judgment favorable to a plaintiff in a § 1983 action necessarily would imply the invalidity of the
plaintiff’s criminal conviction or sentence, the § 1983 action does not arise until the “conviction
or sentence has been reversed on direct appeal, expunged by executive order, declared invalid by
an authorized state tribunal or called into question by a federal court’s issuance of a writ of
habeas corpus, 28 U.S.C. § 2254.” Heck, 512 U.S. at 486–87.
Though Plaintiff states that he noes not wish to invalidate his conviction (see Doc. No.
107-1, ¶ 8), a judgment in favor of Plaintiff as to this request for relief necessarily would imply
the invalidity of his state court criminal proceedings. Plaintiff does not allege or otherwise
demonstrate that his conviction has been invalidated. Accordingly, his attempt to challenge his
state criminal proceeding and conviction is barred by Heck. Thus, because Plaintiff’s request for
injunctive relief under § 1983 has not yet accrued, his motion to add this claim for relief is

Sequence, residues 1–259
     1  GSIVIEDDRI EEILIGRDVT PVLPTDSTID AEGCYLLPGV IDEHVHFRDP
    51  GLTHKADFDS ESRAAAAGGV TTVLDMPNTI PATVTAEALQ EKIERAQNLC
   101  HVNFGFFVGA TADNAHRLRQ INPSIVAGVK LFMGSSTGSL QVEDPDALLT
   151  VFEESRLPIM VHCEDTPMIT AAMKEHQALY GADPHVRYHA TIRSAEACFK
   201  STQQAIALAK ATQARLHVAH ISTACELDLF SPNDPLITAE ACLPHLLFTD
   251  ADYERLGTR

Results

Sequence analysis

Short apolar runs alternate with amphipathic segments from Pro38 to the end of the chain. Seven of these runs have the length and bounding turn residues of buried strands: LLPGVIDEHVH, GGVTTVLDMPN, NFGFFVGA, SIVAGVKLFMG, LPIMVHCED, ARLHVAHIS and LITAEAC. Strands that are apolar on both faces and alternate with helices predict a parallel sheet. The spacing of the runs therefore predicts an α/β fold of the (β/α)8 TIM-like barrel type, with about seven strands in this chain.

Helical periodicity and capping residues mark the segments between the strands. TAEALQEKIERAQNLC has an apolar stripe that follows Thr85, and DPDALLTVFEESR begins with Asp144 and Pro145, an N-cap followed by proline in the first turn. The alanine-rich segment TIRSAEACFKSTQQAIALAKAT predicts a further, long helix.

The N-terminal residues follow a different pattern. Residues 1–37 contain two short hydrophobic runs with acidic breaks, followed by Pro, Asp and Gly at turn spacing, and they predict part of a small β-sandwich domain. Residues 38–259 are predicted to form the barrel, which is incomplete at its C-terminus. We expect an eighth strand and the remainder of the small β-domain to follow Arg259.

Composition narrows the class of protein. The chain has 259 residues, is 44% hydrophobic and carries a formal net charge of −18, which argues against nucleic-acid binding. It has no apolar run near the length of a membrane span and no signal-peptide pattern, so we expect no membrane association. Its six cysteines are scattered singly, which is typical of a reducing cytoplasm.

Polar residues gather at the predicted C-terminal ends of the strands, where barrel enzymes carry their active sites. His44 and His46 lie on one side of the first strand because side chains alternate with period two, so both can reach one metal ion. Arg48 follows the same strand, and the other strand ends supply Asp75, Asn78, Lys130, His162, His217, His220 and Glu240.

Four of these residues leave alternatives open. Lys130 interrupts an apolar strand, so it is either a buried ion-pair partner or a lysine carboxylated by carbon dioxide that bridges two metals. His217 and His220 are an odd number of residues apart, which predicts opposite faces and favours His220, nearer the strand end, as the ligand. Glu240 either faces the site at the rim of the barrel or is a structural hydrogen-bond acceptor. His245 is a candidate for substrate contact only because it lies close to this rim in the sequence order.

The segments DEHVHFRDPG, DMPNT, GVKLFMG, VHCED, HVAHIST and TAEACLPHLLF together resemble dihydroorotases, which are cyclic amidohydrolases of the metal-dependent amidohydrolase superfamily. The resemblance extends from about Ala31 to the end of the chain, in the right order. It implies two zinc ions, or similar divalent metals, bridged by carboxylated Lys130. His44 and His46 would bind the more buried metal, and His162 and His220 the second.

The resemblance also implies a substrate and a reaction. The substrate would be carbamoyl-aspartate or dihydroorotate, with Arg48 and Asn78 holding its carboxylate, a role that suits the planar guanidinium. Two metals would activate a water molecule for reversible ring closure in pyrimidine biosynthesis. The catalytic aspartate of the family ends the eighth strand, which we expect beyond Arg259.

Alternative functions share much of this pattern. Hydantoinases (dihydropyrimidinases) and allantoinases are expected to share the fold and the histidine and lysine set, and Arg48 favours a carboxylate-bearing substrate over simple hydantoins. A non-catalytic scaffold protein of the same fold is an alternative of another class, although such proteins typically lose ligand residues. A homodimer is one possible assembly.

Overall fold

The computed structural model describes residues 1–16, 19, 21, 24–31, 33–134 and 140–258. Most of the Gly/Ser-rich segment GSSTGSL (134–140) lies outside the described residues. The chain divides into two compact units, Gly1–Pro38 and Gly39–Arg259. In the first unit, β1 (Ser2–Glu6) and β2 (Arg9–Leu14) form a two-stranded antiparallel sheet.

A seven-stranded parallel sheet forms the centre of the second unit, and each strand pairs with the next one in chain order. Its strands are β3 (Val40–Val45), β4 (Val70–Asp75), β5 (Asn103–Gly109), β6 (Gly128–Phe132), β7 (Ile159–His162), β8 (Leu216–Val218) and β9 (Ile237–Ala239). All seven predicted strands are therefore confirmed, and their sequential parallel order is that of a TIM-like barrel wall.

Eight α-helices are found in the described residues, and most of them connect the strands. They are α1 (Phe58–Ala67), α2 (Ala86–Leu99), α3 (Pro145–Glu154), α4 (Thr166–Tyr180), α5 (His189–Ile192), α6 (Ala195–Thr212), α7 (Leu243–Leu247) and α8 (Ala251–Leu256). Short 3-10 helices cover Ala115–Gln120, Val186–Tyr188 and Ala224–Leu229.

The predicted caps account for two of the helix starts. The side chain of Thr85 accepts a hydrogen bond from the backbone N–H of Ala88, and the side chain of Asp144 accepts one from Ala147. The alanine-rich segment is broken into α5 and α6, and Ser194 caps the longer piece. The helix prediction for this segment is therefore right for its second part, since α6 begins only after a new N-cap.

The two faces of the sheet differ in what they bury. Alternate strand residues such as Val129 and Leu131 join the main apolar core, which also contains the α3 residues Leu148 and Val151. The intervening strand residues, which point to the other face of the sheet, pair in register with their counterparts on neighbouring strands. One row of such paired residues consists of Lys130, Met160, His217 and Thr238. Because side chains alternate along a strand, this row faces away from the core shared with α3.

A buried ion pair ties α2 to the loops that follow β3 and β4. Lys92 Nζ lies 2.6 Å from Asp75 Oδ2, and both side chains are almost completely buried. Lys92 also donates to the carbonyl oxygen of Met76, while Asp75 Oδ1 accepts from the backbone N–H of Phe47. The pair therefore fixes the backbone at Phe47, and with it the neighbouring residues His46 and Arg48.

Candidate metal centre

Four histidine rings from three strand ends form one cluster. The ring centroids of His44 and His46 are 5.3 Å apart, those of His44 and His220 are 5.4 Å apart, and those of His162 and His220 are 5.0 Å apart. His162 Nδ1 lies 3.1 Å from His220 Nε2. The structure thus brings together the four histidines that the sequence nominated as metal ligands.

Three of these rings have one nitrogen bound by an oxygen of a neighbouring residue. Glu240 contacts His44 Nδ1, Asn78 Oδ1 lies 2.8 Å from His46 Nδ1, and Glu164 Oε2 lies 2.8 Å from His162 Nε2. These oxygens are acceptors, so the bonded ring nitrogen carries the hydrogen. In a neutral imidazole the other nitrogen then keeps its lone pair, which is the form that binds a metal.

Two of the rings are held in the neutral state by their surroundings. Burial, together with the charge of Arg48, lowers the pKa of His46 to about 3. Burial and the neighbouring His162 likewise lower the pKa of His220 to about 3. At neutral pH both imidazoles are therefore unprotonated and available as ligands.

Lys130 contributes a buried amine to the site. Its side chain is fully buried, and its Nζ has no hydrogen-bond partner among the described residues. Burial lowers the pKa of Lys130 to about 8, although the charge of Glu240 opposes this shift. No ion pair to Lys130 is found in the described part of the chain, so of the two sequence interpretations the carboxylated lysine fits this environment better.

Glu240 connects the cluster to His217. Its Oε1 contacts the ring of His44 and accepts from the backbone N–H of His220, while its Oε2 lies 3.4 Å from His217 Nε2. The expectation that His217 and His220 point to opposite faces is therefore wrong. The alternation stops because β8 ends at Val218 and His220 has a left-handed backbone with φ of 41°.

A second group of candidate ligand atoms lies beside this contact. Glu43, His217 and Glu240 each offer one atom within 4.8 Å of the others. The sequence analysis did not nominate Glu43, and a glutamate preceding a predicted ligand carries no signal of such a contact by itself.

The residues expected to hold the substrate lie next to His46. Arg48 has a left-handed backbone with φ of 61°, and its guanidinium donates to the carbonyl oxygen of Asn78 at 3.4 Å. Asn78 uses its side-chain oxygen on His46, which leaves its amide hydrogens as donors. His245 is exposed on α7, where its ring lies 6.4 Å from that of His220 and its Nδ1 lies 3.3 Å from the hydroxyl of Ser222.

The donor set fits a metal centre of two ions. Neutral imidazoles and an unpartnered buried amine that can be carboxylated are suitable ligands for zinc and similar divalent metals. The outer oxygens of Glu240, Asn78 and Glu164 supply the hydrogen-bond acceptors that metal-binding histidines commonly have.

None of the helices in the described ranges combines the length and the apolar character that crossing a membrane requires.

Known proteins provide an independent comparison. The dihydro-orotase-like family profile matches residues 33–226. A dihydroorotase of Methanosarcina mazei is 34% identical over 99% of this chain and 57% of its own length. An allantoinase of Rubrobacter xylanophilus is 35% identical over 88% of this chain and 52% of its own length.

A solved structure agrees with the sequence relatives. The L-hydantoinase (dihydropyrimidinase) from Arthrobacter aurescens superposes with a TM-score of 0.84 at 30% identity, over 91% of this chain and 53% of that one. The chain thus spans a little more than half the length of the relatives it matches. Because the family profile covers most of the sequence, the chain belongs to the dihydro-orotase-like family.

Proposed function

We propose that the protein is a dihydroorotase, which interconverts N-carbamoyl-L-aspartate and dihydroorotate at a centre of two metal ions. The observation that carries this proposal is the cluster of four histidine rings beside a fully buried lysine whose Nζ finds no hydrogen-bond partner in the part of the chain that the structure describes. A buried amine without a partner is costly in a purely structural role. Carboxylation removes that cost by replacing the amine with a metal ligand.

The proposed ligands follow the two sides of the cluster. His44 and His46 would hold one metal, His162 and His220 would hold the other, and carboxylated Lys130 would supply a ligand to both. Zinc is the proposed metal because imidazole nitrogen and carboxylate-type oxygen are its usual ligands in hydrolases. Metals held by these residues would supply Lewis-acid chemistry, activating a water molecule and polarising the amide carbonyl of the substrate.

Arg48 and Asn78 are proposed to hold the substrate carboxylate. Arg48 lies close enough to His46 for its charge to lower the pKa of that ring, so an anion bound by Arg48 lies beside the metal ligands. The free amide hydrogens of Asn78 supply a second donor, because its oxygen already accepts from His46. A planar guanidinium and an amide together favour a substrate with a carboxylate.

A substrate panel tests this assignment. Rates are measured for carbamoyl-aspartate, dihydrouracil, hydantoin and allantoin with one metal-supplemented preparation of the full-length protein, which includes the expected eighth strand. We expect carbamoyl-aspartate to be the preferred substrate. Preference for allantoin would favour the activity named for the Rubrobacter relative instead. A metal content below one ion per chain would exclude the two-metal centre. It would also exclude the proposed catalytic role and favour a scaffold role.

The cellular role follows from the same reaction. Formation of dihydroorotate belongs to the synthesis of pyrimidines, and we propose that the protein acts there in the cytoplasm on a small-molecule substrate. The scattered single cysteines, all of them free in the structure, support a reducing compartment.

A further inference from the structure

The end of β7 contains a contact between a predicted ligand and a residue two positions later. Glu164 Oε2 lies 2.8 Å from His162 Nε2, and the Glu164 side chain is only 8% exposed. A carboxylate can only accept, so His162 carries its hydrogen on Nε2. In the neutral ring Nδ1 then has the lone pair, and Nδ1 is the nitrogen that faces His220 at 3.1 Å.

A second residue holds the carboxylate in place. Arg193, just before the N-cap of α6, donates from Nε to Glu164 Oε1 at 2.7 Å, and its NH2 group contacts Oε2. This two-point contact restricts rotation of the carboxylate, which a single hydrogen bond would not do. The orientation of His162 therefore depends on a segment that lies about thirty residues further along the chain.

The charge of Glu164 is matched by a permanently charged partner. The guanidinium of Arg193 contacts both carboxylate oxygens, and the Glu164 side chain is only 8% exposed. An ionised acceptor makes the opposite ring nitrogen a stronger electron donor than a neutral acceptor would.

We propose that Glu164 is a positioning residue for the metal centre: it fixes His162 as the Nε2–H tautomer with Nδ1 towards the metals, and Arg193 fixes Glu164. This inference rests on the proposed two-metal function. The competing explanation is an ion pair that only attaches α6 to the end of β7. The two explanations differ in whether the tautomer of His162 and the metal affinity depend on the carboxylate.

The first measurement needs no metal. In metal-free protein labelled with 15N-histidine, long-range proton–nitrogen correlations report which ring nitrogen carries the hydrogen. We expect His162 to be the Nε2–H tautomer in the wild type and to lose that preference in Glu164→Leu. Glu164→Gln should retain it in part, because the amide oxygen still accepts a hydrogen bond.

Finally, Plaintiff seeks injunctive relief preventing the CDOC from denying offenders
access to their criminal case files. (Doc. No. 107-1, ¶ 9.) Pro se prisoner plaintiffs may not
bring claims on behalf of other prisoners. Tijerina v. Offender Mgmt. Review Comm., 91 F.
App’x 86, 88 (10th Cir. 2004) (citing Fymbo v. State Farm Fire & Cas. Co., 213 F.3d 1320,
1321 (10th Cir. 2000)). Therefore, Plaintiff’s motion to amend to add a claim for injunctive
relief on behalf of other prisoners is denied.
Therefore, for the foregoing reasons, it is
ORDERED that Plaintiff’s “Motion for Leave to Amend Relief Requested in
Complaint” (Doc. No. 107) is GRANTED in part and DENIED in part. The motion is
GRANTED to the extent that paragraph numbers 1 through 4 in Plaintiff’s Amended Relief
Requested (Doc. No. 107-1) are accepted and are deemed substituted for paragraphs 1 though 4
of the Request for Relief in Plaintiff’s previously-filed Amended Complaint (Doc. No. 89 at 27).
The motion is DENIED in all other respects.1
Dated this 7th day of April, 2014.
A motion to amend a pleading is generally viewed as a non-dispositive matter that can
be ruled on by a magistrate judge under 28 U.S.C. § 636(b)(1)(A). See Franke v. ARUP Labs.,
Inc., 390 F. A’ppx 822, 828 (10th Cir. 2010) (Plaintiff’s “motion to amend was a nondispositive
pretrial matter that the magistrate judge was authorized to decide pursuant to 28 U.S.C. §
636(b)(1)(A).”); Lariviere, Grubman & Payne, LLP v. Phillips, No. 07–cv–01723, 2010 WL
4818101, at *5 (D. Colo. Nov. 9, 2010) (“Generally a motion to amend a complaint is considered
a nondispositive motion because it involves pretrial matters not dispositive of a claim or defense
of a party within the purview of Fed.R.Civ.P. 72(a).”) (quotation marks and brackets omitted).